Bargain finder

Use this tool to find book bargains on Amazon Marketplace. It works best on the "my areas of interest" setting, but you need to specify your areas of interest first. You might also want to change your shopping locale (currently the US locale).

Note: the best bargains on this page tend to go fast; the prices shown can be inaccurate because of this.

Settings


 Area(s)

 Offer type

 Sort by
($)
 Max price
% off
 Min discount

 Min year

 Added since

 Pro authors only

 

1 — 50 / 115
  1. H. Kirchner & Christophe Ringeissen (eds.) (2000). Frontiers of Combining Systems: Third International Workshop, Frocos 2000, Nancy, France, March 22-24, 2000: Proceedings. [REVIEW] Springer.
    This book constitutes the refereed proceedings of the Third International Workshop on Frontiers of Combining Systems, FroCoS 2000, held in Nancy, France, in March 2000.The 14 revised full papers presented together with four invited papers were carefully reviewed and selected from a total of 31 submissions. Among the topics covered are constraint processing, interval narrowing, rewriting systems, proof planning, sequent calculus, type systems, model checking, theorem proving, declarative programming, logic programming, and equational theories.
    Direct download (2 more)  
     
    Export citation  
     
    My bibliography  
  2. Marian Przelecki (1969). The Logic of Empirical Theories. London, Routledge & K. Paul.
    Chapter One INTRODUCTORY REMARKS The title of this monograph needs explanation. It certainly sounds too promising. A more adequate, though more cumbersome ...
    Direct download (5 more)  
     
    Export citation  
     
    My bibliography   11 citations  
  3. Yehoshua Bar-Hillel (ed.) (1970). Mathematical Logic and Foundations of Set Theory. Amsterdam,North-Holland Pub. Co..
    LN , so f lies in the elementary submodel M'. Clearly co 9 M' . It follows that 6 = {f(n): n em} is included in M'. Hence the ordinals of M' form an initial ...
  4. O. B. Lupanov (ed.) (2005). Stochastic Algorithms: Foundations and Applications: Third International Symposium, Saga 2005, Moscow, Russia, October 20-22, 2005: Proceedings. [REVIEW] Springer.
    This book constitutes the refereed proceedings of the Third International Symposium on Stochastic Algorithms: Foundations and Applications, SAGA 2005, held in Moscow, Russia in October 2005. The 14 revised full papers presented together with 5 invited papers were carefully reviewed and selected for inclusion in the book. The contributed papers included in this volume cover both theoretical as well as applied aspects of stochastic computations whith a special focus on new algorithmic ideas involving stochastic decisions and the design and evaluation (...)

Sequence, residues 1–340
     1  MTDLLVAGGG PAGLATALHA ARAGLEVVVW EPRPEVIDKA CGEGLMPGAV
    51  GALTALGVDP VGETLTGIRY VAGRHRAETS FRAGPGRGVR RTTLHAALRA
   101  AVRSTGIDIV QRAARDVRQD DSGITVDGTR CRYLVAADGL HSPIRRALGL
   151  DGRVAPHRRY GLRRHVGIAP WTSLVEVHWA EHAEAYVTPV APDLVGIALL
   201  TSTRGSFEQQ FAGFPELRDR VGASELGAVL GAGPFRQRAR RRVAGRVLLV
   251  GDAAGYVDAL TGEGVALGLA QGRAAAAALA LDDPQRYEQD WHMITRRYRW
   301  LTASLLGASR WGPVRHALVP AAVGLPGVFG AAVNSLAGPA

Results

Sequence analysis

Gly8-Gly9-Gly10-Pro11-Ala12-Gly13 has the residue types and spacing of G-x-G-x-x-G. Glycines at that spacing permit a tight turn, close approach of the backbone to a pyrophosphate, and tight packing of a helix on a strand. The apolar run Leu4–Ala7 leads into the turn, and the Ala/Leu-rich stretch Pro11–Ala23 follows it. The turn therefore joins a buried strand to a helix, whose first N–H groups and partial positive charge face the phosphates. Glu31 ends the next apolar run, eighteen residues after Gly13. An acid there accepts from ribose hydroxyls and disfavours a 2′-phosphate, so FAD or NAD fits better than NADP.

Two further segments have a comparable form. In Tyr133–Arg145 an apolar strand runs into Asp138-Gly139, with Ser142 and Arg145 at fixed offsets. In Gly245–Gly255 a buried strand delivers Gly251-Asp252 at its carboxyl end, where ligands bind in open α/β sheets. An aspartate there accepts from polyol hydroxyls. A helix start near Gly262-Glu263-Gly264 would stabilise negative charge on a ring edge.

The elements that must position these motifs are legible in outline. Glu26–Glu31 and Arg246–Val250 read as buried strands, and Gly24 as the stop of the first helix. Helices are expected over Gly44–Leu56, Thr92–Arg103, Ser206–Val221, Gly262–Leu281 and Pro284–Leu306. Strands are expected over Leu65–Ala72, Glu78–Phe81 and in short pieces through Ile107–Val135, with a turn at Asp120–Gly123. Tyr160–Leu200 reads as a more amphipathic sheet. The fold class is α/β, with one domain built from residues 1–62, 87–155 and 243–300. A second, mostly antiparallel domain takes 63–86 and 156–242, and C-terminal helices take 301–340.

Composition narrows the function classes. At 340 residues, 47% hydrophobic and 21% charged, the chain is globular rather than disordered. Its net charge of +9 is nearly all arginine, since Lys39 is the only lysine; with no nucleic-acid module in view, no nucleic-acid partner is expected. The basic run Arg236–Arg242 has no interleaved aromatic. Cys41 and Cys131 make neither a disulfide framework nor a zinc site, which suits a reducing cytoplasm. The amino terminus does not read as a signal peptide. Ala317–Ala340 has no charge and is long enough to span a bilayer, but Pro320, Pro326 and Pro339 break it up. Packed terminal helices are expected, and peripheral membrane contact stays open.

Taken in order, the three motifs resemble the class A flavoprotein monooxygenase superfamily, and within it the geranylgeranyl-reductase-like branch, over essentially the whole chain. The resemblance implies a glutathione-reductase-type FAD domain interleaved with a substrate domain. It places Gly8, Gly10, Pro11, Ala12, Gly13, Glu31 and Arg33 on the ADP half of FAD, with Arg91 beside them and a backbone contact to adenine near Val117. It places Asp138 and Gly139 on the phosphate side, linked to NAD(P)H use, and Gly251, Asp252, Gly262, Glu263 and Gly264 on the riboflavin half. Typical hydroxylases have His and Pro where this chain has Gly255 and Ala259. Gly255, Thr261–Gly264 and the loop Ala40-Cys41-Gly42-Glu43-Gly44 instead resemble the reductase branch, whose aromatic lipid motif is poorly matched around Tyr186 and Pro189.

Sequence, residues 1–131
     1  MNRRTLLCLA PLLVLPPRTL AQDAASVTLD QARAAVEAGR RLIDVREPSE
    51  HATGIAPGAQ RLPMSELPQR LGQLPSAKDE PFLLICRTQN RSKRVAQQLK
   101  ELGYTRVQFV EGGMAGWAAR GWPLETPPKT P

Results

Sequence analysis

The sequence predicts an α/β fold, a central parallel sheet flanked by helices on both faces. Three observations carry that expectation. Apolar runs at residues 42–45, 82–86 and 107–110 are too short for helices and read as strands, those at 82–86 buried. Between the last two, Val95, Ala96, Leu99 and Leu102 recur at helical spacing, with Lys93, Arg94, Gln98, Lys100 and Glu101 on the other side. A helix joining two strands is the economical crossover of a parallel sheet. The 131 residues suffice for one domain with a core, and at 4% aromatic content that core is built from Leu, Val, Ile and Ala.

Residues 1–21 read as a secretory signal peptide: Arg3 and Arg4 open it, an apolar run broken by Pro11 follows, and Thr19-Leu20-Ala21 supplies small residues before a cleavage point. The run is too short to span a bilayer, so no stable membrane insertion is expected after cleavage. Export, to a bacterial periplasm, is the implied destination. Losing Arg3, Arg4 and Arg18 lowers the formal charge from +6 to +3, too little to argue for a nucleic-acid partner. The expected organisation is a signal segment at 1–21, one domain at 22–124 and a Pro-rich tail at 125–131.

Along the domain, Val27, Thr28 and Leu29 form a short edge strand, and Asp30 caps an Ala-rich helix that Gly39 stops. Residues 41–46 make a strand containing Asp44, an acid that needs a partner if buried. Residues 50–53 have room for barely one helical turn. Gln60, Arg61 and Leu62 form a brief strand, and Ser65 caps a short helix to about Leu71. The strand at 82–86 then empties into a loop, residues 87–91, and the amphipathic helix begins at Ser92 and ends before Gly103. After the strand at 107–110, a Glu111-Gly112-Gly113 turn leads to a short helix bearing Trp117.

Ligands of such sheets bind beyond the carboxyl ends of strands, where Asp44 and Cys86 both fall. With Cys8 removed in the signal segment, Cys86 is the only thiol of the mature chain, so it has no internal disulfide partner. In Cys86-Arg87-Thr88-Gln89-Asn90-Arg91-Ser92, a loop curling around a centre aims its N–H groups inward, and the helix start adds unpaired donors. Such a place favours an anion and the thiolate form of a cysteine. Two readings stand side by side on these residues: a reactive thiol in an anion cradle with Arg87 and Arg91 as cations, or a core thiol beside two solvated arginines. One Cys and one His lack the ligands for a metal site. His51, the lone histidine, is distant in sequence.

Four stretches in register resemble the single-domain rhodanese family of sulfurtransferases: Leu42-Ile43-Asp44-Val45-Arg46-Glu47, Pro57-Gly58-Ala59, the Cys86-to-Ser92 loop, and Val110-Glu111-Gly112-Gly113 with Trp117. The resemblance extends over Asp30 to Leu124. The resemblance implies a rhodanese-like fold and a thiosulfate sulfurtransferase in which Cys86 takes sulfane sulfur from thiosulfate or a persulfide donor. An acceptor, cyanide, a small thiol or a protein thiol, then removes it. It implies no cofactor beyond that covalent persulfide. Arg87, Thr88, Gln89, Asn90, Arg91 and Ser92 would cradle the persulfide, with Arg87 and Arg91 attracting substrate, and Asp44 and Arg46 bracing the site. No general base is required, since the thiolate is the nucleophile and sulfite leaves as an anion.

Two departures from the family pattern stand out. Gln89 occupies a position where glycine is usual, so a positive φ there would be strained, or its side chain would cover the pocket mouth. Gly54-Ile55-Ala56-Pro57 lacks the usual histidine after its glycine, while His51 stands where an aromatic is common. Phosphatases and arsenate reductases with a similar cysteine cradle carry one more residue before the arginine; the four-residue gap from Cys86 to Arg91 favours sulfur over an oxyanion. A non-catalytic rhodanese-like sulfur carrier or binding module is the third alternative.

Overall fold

Direct download (2 more)  
     
    Export citation  
     
    My bibliography  
  5. Austin Marsden Farrer (1979). Finite and Infinite: A Philosophical Essay. Seabury Press.
  6. John Pottage (1983). Geometrical Investigations: Illustrating the Art of Discovery in the Mathematical Field. Addison-Wesley.
  7. Charles Castonguay (1972). Meaning and Existence in Mathematics. New York,Springer-Verlag.
  8. Ethan D. Bloch (2000). Proofs and Fundamentals: A First Course in Abstract Mathematics. Birkhäuser.
  9. V. Di Gesù, F. Masulli & Alfredo Petrosino (eds.) (2006). Fuzzy Logic and Applications: 5th International Workshop, Wilf 2003, Naples, Italy, October 9-11, 2003: Revised Selected Papers. [REVIEW] Springer.
    This volume constitutes the thoroughly refereed post-workshop proceedings of the 5th International Workshop on Fuzzy Logic and Applications held in Naples, Italy, in October 2003. The 40 revised full papers presented have gone through two rounds of reviewing and revision. All current issues of theoretical, experimental and applied fuzzy logic and related techniques are addressed with special attention to rough set theory, neural networks, genetic algorithms and soft computing. The papers are organized in topical section on fuzzy sets and systems, (...)
    Direct download (2 more)  
     
    Export citation  
     
    My bibliography  
  10. Michał Heller & W. H. Woodin (eds.) (2011). Infinity: New Research Frontiers. Cambridge University Press.
    Machine generated contents note: Introduction Rudy Rucker; Part I. Perspectives on Infinity from History: 1. Infinity as a transformative concept in science and theology Wolfgang Achtner; Part II. Perspectives on Infinity from Mathematics: 2. The mathematical infinity Enrico Bombieri; 3. Warning signs of a possible collapse of contemporary mathematics Edward Nelson; Part III. Technical Perspectives on Infinity from Advanced Mathematics: 4. The realm of the infinite W. Hugh Woodin; 5. A potential subtlety concerning the distinction between determinism and nondeterminism W. (...)
  11. Elliott Mendelson (1964). Introduction to Mathematical Logic. Princeton, N.J.,Van Nostrand.
    The Fourth Edition of this long-established text retains all the key features of the previous editions, covering the basic topics of a solid first course in ...
    Direct download (3 more)  
     
    Export citation  
     
    My bibliography   85 citations  
  12. Jody Azzouni (2005). Tracking Reason: Proof, Consequence, and Truth. OUP Usa.
    When ordinary people - mathematicians among them - take something to follow from something else, they are exposing the backbone of our self-ascribed ability to reason. Jody Azzouni investigates the connection between that ordinary notion of consequence and the formal analogues invented by logicians. One claim of the book is that, despite our apparent intuitive grasp of consequence, we do not introspect rules by which we reason, nor do we grasp the scope and range of the domain, as it were, (...)